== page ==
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4 Dutch parties say they’ve reached agreement on ministers in a new right-wing government



THE HAGUE, Netherlands — The four parties negotiating to form a coalition government in the Netherlands have reached agreement on a new team of Cabinet ministers, far-right leader Geert Wilders said Tuesday. It’s another key step toward forming the first Dutch government led by a far-right party.

Wilders, whose Party for Freedom won national elections more than six months ago, did not immediately give details.

“There is a deal, you’ll hear more in the coming hours, days,” Wilders told reporters in The Hague.

The team of ministers will be made up of members of the four parties in the coalition and outside experts — a so-called technocratic administration.

Prospective ministers will have to undergo interviews in the lower house of parliament before the new government can be sworn in by Dutch King Willem-Alexander. No dates were immediately set.

Anti-Islam lawmaker Wilders convincingly won the November election but took months to cobble together an outline coalition deal. Wilders, a divisive figure who has in the past been convicted of insulting Moroccans, agreed not to become prime minister because of opposition from coalition partners.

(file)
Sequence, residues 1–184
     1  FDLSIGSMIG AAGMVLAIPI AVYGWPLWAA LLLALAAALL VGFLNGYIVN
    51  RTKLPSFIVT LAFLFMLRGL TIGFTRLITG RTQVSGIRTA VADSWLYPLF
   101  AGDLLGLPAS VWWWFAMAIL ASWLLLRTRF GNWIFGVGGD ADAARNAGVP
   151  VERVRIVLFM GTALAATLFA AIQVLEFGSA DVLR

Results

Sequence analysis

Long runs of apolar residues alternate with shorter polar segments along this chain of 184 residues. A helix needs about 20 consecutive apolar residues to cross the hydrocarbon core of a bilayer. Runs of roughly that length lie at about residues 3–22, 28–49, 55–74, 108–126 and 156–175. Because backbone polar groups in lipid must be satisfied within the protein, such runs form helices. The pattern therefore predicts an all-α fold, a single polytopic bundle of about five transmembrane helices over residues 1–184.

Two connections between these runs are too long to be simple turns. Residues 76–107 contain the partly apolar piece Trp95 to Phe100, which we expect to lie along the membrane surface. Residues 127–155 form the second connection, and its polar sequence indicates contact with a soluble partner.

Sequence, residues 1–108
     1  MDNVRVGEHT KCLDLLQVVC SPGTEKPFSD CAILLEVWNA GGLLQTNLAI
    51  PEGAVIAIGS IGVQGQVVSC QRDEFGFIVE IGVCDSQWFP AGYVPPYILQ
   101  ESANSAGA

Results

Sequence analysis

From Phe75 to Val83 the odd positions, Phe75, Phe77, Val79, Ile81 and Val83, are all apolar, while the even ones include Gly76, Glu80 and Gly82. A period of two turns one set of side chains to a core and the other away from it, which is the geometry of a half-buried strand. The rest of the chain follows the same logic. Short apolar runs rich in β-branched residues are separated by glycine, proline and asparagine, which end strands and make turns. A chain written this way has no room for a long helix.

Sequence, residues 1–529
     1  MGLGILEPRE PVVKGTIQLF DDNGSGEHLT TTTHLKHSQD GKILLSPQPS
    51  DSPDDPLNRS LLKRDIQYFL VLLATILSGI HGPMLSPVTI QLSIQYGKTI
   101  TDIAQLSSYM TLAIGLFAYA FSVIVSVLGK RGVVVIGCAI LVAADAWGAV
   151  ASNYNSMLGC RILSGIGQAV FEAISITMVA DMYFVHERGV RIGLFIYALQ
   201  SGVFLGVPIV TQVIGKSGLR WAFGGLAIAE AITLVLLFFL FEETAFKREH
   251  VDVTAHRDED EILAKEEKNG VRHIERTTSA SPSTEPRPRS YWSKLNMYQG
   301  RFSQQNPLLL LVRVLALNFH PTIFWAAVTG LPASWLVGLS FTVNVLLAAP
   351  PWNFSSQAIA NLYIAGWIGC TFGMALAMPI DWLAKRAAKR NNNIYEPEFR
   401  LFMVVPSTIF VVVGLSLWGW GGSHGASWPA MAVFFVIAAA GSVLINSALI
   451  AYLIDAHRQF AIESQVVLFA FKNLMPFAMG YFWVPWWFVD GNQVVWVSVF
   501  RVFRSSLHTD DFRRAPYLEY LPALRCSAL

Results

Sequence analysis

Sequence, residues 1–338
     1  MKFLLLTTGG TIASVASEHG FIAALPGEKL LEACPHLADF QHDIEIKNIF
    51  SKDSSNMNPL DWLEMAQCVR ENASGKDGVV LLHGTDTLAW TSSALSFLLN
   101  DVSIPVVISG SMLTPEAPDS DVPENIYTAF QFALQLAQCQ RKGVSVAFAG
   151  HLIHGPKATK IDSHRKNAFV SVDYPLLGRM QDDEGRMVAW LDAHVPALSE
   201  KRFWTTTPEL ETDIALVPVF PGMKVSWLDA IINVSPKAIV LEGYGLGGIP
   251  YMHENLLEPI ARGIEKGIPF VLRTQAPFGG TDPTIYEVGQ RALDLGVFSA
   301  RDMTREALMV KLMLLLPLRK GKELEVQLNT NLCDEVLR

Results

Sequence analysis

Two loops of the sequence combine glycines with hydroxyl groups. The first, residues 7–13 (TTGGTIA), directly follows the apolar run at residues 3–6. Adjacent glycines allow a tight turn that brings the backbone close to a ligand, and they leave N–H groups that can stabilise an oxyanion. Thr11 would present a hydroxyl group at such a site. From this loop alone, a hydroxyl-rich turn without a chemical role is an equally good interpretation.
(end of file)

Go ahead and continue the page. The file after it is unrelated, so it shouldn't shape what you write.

Former intelligence agency chief Dick Schoof was named last week as the candidate to replace outgoing Prime Minister Mark Rutte.

Anti-Islam lawmaker Geert Wilders of the PVV, or Party for Freedom, casts his ballot for the European election in The Hague, Netherlands, Thursday, June 6, 2024. Voters in the European Union are set to elect lawmakers starting Thursday June 6th for the bloc’s parliament. Credit: AP/Peter Dejong

Wilders is building a coalition with Rutte’s center-right People’s Party for Freedom and Democracy, the populist Farmer Citizen Movement and the centrist New Social Contract party.

A deal published by the parties outlining their policy objectives pledges to introduce strict measures on asylum-seekers, scrap family reunification for refugees and reduce the number of international students studying in the country.

Analysts and some civil servants have questioned whether some of the policies are legally or constitutionally possible to enact.

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